6th Donskis Memorial Conference asks: Will Russia survive 2024?

Leonidas Donskis and Robert van Voren. Personal archive

“Leonidas Donskis would be appalled by the Russia we see today. For him there was never a doubt about the criminality of the Putin regime, although at the time when he passed away the idea of a full scale war of aggression in Ukraine and sentences of up to 25 years for political opponents would have seemed outlandish. Leonidas Donskis had a lot of Russian friends who were part of the “other Russia”, of which most have either left the country or are now languishing in prison. I have no doubt he would have been a very active discussant during the upcoming Donskis conference“, says Robert van Voren, professor at Vytautas Magnus University.

On 21st September The Sixth Leonid Donskis Memorial Conference will take place at the Vaidila Theatre in Vilnius, organized by his former colleague and friend Robert van Voren, who heads the Andrei Sakharov Research Center for Democratic Development at Vytautas Magnus University. This year’s conference, which will be held in English and is as always with free admission, focuses on the fate of Russia:  “Will Russia Survive 2024?”

According to the conference organizers, Russia is at a crossroads. Over the past two decades, a country that may have been a fading democracy but was still on the road to European integration has been transformed into a neo-totalitarian state, terrorizing its population and pursuing the most aggressive policy towards its neighbours, which, in Russia’s view, are either in its sphere of influence or, worse, are “fake states” that shouldn’t exist. Under Putin’s leadership, Russia has become the greatest threat to world peace. The Russian Empire, which was taken over by the Bolsheviks in 1917 and transformed into the Soviet Empire, has become a fusion of the imperial ambitions of Russia and the Soviet Union. Although it claims to be recovering its former greatness, the signs of impending imperial collapse are in fact becoming more frequent.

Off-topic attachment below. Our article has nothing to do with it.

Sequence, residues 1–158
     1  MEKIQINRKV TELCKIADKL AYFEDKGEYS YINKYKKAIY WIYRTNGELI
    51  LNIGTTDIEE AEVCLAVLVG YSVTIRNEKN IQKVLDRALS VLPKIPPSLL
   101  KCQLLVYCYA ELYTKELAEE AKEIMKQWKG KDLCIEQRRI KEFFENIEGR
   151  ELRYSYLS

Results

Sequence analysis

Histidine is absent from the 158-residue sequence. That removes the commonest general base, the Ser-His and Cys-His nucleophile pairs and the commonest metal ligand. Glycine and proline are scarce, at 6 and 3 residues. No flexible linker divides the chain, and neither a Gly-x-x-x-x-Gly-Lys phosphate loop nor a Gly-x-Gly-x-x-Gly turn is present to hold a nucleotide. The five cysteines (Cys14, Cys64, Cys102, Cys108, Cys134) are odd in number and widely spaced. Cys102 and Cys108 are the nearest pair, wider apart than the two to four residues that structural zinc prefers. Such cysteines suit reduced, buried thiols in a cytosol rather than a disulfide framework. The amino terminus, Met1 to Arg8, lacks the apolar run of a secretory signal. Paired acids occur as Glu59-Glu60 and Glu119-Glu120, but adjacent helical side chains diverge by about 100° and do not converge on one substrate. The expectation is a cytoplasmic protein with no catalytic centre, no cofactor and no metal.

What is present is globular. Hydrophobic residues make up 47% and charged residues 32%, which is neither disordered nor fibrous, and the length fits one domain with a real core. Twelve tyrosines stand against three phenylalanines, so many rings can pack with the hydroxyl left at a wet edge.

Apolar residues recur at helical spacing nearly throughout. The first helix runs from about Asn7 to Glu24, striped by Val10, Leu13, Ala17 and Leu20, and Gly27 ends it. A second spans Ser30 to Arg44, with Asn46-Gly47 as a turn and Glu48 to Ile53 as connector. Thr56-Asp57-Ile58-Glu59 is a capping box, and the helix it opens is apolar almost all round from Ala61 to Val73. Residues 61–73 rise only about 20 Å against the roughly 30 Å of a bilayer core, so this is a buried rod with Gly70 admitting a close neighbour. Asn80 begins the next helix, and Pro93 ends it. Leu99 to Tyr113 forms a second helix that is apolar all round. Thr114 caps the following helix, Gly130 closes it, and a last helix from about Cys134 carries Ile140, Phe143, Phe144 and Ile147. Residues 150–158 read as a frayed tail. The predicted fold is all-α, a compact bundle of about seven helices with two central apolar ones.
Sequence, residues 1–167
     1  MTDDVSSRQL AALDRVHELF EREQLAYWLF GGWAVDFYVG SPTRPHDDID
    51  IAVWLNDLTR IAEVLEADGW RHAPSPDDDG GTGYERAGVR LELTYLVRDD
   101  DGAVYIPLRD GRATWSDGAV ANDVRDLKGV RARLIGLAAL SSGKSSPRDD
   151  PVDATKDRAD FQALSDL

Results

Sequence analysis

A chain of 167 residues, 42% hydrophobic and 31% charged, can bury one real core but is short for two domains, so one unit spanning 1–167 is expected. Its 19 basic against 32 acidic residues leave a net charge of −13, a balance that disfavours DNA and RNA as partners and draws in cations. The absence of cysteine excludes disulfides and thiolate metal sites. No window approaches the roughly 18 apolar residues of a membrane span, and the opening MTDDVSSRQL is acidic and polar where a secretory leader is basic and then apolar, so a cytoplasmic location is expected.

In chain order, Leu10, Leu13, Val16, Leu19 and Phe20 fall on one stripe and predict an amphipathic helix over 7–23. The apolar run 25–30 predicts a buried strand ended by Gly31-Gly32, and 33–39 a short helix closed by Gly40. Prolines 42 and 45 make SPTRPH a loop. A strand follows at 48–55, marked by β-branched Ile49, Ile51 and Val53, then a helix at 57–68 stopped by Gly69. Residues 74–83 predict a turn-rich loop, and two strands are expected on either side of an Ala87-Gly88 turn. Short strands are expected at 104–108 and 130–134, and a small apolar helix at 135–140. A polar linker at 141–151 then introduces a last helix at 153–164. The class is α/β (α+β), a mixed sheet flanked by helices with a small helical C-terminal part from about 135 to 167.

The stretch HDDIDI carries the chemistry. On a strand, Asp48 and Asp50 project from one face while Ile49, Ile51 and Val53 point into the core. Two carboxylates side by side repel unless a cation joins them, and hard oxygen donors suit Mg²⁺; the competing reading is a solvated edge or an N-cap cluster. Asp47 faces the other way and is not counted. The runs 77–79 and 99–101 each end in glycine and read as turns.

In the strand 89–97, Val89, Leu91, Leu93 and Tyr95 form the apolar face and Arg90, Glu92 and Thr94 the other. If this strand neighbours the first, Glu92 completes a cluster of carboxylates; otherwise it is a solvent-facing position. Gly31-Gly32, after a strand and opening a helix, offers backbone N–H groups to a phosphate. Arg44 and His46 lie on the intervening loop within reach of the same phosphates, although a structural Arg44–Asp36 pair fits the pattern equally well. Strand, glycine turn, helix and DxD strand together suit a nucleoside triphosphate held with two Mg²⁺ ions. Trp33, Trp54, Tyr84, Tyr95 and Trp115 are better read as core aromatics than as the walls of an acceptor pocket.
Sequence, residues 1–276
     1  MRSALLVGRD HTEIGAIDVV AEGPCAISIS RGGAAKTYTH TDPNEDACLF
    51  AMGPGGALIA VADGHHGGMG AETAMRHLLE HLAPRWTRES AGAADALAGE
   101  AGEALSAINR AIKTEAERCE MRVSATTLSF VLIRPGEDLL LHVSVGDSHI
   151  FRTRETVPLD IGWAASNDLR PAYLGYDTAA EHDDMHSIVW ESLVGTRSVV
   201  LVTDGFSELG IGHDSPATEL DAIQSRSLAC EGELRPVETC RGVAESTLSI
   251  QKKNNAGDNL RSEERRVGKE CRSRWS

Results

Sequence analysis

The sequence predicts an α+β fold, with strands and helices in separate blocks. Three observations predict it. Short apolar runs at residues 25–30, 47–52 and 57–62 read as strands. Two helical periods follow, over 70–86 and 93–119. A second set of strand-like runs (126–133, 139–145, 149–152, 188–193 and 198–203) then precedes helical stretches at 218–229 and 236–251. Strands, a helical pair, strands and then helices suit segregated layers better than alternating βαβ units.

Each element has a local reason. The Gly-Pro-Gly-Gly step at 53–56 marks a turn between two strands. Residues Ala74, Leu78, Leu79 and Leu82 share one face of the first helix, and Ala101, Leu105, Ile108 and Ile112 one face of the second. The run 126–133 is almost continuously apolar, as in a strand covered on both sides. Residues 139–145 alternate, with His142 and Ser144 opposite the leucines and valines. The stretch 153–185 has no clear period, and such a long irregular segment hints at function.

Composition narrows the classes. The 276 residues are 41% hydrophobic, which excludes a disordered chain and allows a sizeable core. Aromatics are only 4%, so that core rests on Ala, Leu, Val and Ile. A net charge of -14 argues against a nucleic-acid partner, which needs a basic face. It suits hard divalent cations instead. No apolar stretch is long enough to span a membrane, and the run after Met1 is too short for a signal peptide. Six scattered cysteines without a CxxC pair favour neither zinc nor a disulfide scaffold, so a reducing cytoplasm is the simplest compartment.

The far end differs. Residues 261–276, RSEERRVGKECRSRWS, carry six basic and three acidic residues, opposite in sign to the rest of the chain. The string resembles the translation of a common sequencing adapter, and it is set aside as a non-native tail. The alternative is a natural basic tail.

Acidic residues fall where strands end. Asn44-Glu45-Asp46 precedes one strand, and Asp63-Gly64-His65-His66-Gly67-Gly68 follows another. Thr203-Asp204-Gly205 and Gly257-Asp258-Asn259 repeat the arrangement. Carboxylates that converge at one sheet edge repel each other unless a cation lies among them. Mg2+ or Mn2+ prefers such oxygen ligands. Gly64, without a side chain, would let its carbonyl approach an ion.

Leonidas Donskis. R. Ščerbauskas photo

What steps need to be taken to stop Russia from threatening its neighbours? Is it possible for Russia to return to the international civilized world? How can the people of the Russian Federation be helped to build a democratically governed state (or states) that operates in accordance with international law? How can we ensure that those responsible for crimes in Ukraine and other countries under attack are brought to justice? Experts will be looking for answers to these questions on 21 September.

“Will Russia Survive 2024?” will bring together diplomats, security experts, public figures, journalists and human rights activists from the United States, Finland, the Netherlands, Great Britain, Italy, Lithuania, Cyprus, Denmark, Ukraine and Russia. Program: https://rb.gy/hcm56  

“The title of this year’s conference is a provocative one, and we chose that on purpose. To us, it is clear that dealing with Russia nowadays is not an issue of containment. Enough is enough – it is time that the criminal regime in the country comes to an end and that future Russia ceases to be a menace to its neighbours and the rest of the world. The last imperium in the world should be decolonized. How – that is a matter of debate and that we will discuss on September 21, marking the death of the great Lithuanian Leonidas Donskis”, says Robert van Voren, organizer of the conference and Director of the Andrei Sakharov Research Center for Democratic Development.

The organizers stress that, unlike previous conferences, this one will not be webcast and will be live. Interested parties are invited to register here:  https://rb.gy/kfziv

After the conference, participants will be invited to a concert dedicated to the memory of Leonid Donskis, featuring Lithuanian cellist Justas Kulikauskas and Dutch-Russian expert and concert pianist Sara Crombach.

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